"There is something about a book that makes us laugh and think at the same time! Jumping Jenny is one of those both engaging and thoughtful. Here's the summary: 'Jenny was born to jump - her every ounce was made to bounce. But when jumping gets her into trouble, she decides to hang up her pogo stick and stop completely. Pretty soon, Jumping Jenny became Slumping Jenny. Then, when her school plans a charity (mitzvah) project, Jenny discovers that her unique skill can be used for a very special purpose. See what can happen when a determined little girl follows her passion to make a difference in the world.'" -- Working Mother

-- (7/18/2011 12:00:00 AM)

"This is a story about Tikkun Olam, the act of trying to make the world a better place. Though the illustrations convey the fact that Jenny attends a Hebrew day school, she lives in a diverse community, and children of all backgrounds will relate to her predicament and benefit from the universal lessons imparted. 'Your every ounce was made to bounce!' says Jenny's grandma when she notices how forlorn the little girl has become, trying to squelch her perpetual jumping. It's true that her constant motion has been interfering with life at school and at home, but suppressing her nature is not a good solution. Fortunately, Jenny's teacher believes in community service and organizes a fundraising project to assist a needy school in Uganda. Jenny commits to a jumpathon, collecting pledge money for each jump. She simultaneously reaches her goal of 1000 jumps and helps fund computers and books. It's unfortunate that the jumpathon idea comes from a talking pogo stick awkwardly invested with momentary magical powers rather than from Jenny herself. Nonetheless, with its bright, child-friendly cartoonlike illustrations, the book succeeds in reminding children to recognize their own gifts and to remember to give to others." --School Library Journal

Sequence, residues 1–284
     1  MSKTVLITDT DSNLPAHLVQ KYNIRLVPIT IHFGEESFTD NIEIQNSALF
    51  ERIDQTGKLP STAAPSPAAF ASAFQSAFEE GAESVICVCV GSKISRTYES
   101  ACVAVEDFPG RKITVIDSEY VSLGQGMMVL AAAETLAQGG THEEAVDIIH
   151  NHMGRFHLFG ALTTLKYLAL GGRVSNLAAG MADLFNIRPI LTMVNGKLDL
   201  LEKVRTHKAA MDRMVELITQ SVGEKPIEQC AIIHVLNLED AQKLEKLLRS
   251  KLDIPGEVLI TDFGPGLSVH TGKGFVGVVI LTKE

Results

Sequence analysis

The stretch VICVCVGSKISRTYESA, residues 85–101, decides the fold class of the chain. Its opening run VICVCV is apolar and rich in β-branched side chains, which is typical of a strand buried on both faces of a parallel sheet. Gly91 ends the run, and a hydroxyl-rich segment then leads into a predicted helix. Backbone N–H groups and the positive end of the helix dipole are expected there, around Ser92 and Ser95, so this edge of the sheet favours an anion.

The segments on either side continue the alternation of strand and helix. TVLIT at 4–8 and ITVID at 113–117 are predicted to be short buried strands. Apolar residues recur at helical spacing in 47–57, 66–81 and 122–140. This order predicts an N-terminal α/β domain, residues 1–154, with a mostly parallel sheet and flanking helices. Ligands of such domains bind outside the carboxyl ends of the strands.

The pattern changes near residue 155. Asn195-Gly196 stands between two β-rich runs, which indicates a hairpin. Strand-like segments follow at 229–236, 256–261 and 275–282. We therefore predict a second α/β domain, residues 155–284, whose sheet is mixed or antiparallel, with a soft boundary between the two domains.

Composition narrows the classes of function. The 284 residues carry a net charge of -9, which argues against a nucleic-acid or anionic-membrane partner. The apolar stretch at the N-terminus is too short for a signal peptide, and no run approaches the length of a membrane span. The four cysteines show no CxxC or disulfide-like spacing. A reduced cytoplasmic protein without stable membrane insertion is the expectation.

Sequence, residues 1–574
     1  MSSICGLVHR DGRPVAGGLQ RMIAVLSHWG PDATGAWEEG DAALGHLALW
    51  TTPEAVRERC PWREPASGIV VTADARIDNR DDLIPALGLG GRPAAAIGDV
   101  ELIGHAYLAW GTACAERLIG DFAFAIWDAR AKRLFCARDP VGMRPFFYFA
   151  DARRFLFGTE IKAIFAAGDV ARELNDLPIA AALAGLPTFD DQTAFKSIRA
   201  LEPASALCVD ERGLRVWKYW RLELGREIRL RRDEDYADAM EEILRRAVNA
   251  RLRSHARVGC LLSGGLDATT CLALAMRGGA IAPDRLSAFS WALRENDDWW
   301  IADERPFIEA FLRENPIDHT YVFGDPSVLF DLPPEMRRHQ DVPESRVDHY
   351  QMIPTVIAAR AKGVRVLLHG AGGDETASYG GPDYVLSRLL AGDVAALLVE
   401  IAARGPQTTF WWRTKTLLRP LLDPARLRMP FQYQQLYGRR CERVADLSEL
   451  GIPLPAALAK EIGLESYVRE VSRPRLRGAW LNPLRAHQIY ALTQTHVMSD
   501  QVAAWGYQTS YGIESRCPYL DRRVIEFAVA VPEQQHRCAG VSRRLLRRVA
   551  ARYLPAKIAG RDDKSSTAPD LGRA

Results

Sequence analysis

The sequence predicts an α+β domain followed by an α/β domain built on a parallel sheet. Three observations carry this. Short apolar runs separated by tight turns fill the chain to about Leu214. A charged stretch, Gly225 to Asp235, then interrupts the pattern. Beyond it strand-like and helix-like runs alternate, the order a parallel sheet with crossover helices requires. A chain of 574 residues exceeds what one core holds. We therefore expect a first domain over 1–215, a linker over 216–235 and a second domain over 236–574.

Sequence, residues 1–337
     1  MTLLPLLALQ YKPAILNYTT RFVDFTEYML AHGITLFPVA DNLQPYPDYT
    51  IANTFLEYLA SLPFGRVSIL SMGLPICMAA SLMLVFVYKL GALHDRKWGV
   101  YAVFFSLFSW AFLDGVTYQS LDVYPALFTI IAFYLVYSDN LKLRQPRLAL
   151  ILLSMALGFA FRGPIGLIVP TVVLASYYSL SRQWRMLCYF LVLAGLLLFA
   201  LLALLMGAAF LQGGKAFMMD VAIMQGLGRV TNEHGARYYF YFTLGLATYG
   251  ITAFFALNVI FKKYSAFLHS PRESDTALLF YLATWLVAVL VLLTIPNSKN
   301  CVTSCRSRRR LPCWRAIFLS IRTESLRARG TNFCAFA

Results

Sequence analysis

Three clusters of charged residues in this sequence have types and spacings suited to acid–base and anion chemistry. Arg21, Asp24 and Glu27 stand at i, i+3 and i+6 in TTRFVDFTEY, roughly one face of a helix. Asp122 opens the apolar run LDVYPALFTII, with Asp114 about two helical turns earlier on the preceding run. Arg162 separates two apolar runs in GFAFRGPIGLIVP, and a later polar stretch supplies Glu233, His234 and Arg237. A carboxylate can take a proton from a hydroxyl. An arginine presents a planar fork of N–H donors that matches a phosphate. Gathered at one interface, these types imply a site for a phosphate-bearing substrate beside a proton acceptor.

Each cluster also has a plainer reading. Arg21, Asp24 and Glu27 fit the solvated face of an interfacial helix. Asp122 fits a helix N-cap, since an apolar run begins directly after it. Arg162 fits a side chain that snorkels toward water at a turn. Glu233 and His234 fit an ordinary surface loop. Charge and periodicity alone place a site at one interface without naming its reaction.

-- (5/1/2011 12:00:00 AM)

"A little girl channels her exuberance and excessive pogo-stick jumping into a worthy fundraising venture. Jenny is a born jumper. She vaults over fire hydrants, bounds over hedges and leaps over fences, but she isn't very careful about when her jumping might not be appropriate. Her teacher scolds, 'Jumping is for frogs, ' when Jenny knocks over the caterpillar bins in the science room, and she is banished from the cafeteria after she upsets the entire hot-lunch cart. Much worse is the incessant teasing she attracts from her classmates, who croak, 'Ribbit, ribbit, ' whenever they see her. 'When did my Jumping Jenny become Slumping Jenny?' asks Grandma when she sees a forlorn-looking Jenny sitting on the stoop. Discouraged but still thinking positively, Jenny begins to develop an idea that will put her jumping talent to good use as part of her class 'mitzvah project.' Friends and family pledge to Jenny's jumpathon, to be held at the school's African village fair that's been to raise money for a Ugandan school. Acrylic-on-canvas cartoon-style paintings depict a Jewish day school, with boys wearing yarmulkes and Hebrew text on the board. Bari's story of one girl's approach to the Jewish principle of 'tikkun olam' (literally, "repair the world") will resonate as readers watch Jenny achieve her exhausting, triumphant success." --Kirkus Reviews

-- (4/15/2011 12:00:00 AM)